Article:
Health secretary renews UK pledge
The Health & Social Care Secretary has announced a pledge to end new HIV transmissions in the UK by 2030. Speaking at the AIDSfree Cities Global Forum last week, Matt Hancock set out plans to achieve the government’s goal through better prevention, detection and treatment. As the government sets out on its landmark target, Your Sexual Health take a look at a few of the areas that will need improvement.
More public funding
The government has pledged an extra £600,000 to Public Health England’s innovation fund, the aim of which is to find community driven ways to prevent the spread of HIV. The initiatives that are supported throughout the scheme have proved a great success for informing those in at risk groups, but they have occurred amidst a number of cuts to the public health sector. Without increased spending on public sexual health services these schemes will be fighting a difficult battle.
Improved access to preventative treatments
The revolutionary PrEP (Pre-exposure Prophylaxis) drug has been clinically proven to greatly reduce the risk of catching HIV following exposure to the virus. However, it’s yet to be fully rolled out on the NHS. Currently the government are doing a limited trials amongst at risk groups to discover its overall impact on HIV transmission rates. So far the trial seems to be successful and pressure groups have argued that the drug should be made more readily available in order to reach as many people as possible.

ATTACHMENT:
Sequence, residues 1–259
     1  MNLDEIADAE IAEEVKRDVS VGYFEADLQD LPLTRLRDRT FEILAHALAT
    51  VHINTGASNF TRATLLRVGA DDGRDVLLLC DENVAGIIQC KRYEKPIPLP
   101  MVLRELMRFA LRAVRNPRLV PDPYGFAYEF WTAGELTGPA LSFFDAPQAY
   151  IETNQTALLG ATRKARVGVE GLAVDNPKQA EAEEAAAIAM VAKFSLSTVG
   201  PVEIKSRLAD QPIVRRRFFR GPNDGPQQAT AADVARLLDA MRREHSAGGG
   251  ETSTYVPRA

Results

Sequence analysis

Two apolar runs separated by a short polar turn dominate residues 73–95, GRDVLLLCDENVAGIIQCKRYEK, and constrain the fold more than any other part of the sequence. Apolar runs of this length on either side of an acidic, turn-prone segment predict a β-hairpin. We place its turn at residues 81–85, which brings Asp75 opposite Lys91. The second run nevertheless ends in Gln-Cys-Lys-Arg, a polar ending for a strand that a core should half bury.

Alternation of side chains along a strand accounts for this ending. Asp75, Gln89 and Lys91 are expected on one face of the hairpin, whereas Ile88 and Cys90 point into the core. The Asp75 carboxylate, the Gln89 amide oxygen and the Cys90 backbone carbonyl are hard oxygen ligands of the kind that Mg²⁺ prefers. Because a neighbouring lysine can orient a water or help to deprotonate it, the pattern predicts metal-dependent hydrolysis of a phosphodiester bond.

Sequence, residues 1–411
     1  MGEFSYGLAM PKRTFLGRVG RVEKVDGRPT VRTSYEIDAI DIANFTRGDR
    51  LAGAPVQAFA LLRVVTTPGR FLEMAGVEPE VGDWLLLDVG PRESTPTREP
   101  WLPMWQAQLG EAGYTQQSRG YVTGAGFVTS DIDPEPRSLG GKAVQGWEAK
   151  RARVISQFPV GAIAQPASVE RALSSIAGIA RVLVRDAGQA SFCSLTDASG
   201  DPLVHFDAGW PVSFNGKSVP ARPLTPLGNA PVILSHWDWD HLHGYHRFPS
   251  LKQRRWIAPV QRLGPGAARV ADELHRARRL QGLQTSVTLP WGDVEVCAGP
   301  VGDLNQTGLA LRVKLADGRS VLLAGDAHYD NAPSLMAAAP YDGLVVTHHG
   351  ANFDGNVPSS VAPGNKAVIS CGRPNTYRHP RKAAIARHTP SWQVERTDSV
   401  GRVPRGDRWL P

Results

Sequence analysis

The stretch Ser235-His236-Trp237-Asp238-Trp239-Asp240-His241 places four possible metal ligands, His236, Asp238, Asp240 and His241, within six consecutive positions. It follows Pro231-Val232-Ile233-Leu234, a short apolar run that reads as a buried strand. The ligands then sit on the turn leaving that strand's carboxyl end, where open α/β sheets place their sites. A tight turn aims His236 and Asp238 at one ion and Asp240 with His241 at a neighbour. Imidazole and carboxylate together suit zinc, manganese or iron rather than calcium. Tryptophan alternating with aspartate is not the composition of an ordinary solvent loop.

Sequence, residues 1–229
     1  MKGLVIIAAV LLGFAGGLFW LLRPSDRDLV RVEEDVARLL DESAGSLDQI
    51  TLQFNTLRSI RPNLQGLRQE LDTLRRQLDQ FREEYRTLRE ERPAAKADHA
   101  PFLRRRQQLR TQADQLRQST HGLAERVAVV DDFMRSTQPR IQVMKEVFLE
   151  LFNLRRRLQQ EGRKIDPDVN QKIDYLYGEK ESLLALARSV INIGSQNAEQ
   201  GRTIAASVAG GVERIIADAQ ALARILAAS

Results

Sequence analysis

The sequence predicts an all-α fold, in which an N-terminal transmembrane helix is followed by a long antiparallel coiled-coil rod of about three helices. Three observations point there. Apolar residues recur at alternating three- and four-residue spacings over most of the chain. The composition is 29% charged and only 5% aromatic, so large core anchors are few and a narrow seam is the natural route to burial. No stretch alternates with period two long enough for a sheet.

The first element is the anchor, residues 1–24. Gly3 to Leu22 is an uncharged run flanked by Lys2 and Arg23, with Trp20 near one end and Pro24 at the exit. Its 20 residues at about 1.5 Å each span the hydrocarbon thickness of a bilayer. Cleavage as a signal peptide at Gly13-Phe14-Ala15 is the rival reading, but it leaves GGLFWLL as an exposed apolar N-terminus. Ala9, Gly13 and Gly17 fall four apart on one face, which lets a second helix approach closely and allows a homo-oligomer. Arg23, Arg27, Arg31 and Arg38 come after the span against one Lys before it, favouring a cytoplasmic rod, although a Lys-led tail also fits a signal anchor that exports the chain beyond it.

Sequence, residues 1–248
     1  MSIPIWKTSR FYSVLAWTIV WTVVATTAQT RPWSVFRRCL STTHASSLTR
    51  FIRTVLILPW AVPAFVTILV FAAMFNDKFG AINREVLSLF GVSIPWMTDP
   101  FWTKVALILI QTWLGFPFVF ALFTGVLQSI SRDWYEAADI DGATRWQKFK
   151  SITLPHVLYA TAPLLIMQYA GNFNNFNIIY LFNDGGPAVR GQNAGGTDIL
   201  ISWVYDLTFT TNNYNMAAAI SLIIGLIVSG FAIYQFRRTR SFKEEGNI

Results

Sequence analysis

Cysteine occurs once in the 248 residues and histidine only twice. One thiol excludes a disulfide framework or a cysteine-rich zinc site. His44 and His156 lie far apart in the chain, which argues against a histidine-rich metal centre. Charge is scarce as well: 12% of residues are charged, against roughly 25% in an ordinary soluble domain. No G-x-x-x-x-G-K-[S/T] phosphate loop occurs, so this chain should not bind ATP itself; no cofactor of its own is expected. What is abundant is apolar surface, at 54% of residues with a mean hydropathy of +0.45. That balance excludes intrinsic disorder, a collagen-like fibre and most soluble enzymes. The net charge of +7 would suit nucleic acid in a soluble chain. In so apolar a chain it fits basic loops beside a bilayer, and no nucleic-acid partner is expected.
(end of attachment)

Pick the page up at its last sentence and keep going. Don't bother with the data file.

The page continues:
Early Detection testing
Standard HIV tests offered by the NHS are only accurate from 28 days following exposure. This wait time can cause more people to be exposed to the virus in the meantime, whilst the carrier is unaware that they have HIV. Tests are available that offer early detection of HIV just 10 days after exposure, but until these are available on the NHS people will continue to unknowingly spread the virus.
More sexual health clinics
Government cuts have reduced the amount of sexual health clinics in the UK leaving a vast amount of people under served. Often, areas that do have a clinic struggle to meet the demand. In order to reduce HIV transmission rates, testing needs to be more readily available with more clinics located across the UK.
Your Sexual Health have over 60 private sexual health clinics located across the UK, all of which allow you to book an appointment in order to reduce waiting times.
Education to reduce the stigma surrounding the disease
A prevention first approach to public health has seen an increase to sex education classes in schools. Although classes encouraging more general STI testing is a positive step, many organisations believe that more needs to be done to educate about HIV itself in a bid to reduce stigma. It’s this stigma that prevents many people from being tested against the virus regularly.